GPS Tracking Using Helium, Azure IoT Hub, and Power BI




About this project

Helium exists to help developers build low power, secure, connected devices. In this project, we’ll walk through using the Helium Atom Prototyping module with an Arduino Zero and Adafruit Ultimate GPS Breakout to seamless send data to Azure IoT Hub and then on to a Power BI report to visualize the data.

GPS Tracking Using Helium, Azure IoT Hub, and Power BI

You can learn more about Helium’s low power, secure, long range wireless products and buy all the required hardware at helium.com/store.




Hardware

The first thing you’ll need to do is attach your Helium Atom Prototyping module to the Helium Atom Arduino adapter, and then to your Arduino. We’re using an Arduino Zero for this guide, but you can use a Uno, Due, M0 or any other Arduino you’d like.

Once you’ve connected the Atom to the Arduino, you should have something that looks like this:

Next, we’ll need to attach the Adafruit Ultimate GPS Breakout to the Arduino sandwich. We’re going to use a breadboard here just to make things easier and clearer, but you could just as easily wire the GPS breakout directly to the Arduino. Your wiring should be in the form of:

Arduino 5v -> GPS VIN

Arduino GND -> GPS GND

Arduino D12 -> GPS TX

Arduino D10-> GPS RX

You should have something that looks like this once you’re done:

Ok, now that we have the Arduino side of things setup we need to get the Helium Element connected and powered up. If you have a Cellular Element, you just need to power it on and wait for the light to turn a teal color. That’s it. If you have an Ethernet Element, or if you prefer to use an Ethernet connection for your Cellular Element, plug the Ethernet port of your Element into a DHCP-enabled port like the back of a cable modem or wireless router. Once you power up the Element and the light on the front of the Element turns green, you’re good to go.

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Now that you’ve got the Arduino and Atom hardware setup, and the Element is powered up and connected, it’s time to set this all up in the Helium Dashboard.

Helium Dashboard & Channels

First, we need to add our Atom and Element to our user account in the dashboard. If you don’t have a user account but have equipment in hand, please email us at [email protected], otherwise login with the credentials you received when you purchased your hardware from Helium.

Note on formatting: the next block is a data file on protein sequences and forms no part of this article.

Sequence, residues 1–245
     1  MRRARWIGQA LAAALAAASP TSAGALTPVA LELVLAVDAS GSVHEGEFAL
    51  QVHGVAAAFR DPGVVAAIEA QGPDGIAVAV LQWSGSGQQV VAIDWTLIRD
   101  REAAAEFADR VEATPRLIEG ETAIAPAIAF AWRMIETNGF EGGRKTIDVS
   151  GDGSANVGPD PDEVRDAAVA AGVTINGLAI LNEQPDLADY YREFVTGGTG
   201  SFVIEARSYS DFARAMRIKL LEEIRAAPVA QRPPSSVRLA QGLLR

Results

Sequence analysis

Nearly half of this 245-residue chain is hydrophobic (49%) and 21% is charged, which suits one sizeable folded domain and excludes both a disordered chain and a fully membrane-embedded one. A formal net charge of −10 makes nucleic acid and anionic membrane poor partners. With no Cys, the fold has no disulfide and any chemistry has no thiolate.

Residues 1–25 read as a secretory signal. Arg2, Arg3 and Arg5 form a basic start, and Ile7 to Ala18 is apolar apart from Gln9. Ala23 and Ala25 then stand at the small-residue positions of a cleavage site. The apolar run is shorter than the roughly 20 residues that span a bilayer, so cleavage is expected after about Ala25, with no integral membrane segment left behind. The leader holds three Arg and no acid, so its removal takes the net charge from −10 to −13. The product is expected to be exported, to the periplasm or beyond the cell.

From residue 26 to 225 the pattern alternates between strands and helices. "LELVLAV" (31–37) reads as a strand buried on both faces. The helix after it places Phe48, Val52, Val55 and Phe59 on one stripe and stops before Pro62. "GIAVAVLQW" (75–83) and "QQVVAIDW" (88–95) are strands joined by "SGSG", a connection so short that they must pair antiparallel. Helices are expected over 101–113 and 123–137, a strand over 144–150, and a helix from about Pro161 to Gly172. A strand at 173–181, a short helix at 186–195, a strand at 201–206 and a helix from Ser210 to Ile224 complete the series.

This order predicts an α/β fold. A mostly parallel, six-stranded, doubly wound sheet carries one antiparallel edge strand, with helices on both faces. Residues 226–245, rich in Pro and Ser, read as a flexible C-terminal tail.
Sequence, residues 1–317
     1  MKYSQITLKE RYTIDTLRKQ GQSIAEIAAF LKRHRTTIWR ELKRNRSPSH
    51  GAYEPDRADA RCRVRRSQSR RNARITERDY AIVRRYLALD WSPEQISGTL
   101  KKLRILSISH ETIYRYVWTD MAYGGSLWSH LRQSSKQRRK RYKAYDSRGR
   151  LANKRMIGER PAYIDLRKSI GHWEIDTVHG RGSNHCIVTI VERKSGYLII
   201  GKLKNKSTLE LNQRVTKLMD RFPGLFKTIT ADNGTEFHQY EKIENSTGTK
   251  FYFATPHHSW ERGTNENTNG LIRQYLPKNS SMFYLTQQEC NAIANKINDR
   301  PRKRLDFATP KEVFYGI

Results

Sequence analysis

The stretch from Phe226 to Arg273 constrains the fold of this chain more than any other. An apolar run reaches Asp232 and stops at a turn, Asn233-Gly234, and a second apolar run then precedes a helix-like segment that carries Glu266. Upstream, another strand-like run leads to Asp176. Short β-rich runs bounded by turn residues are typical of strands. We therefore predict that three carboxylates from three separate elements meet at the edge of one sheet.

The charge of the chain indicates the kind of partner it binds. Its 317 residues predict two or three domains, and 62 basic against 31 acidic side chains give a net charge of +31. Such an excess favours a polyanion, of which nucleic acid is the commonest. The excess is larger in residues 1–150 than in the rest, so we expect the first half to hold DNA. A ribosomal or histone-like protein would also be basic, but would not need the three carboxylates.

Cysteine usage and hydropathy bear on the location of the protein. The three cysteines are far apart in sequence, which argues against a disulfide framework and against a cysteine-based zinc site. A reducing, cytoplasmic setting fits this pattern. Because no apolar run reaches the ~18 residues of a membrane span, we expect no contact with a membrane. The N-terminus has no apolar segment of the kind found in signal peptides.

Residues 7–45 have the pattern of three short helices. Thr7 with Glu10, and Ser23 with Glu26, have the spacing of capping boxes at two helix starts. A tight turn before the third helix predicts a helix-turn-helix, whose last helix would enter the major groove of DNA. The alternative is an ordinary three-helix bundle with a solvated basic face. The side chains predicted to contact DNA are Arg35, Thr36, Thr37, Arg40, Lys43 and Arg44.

Once logged in, we’ll need to first activate our Element. Clicking on Elements on the left, then Add New in the top right gets you to the right place. Type in the last 4 of the MAC address and the HVV from the label on the back of the Element, give it a name, and optionally add some tags. Click Activate Element to get it going.

We’ll then need to repeat the same process for the Atom. Again, click Atoms on the left, and Add New, and supply the MAC and HVV from the Atom label, optionally add some tags, and click Activate Atom.

Next, we’ll need to create an Azure IoT Hub to act as an ingestion point to Azure for all your Helium Atom devices. We’re going to assume you have an Azure account already, if not you’ll need to create one.

Once you’ve logged in to Azure, we’re going to create an IoT Hub. Click on the + in the top left, then Internet of Things, then IoT Hub:

You’ll need to make some choices about how you want to set your IoT Hub up, and then hit Create. We recommend that you select Pin to Dashboard at the bottom to make it easier to find later:

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Once you’re done and the hub is finished deploying (this might take a few minutes), click on it from your dashboard. To setup the Helium Channel we’ll need one piece of information from within the hub. From within the IoT Hub choose Shared Access Policies on the left, select RegistryReadWrite, and then click the copy icon next to Connection string—primary key on the right. This will copy the connection string to the clipboard which we’ll be using back at the Helium Dashboard. Be careful not to share this string with anyone you don’t trust. (We’re just using a temporary hub in this example.)

Read more: GPS Tracking Using Helium, Azure IoT Hub, and Power BI




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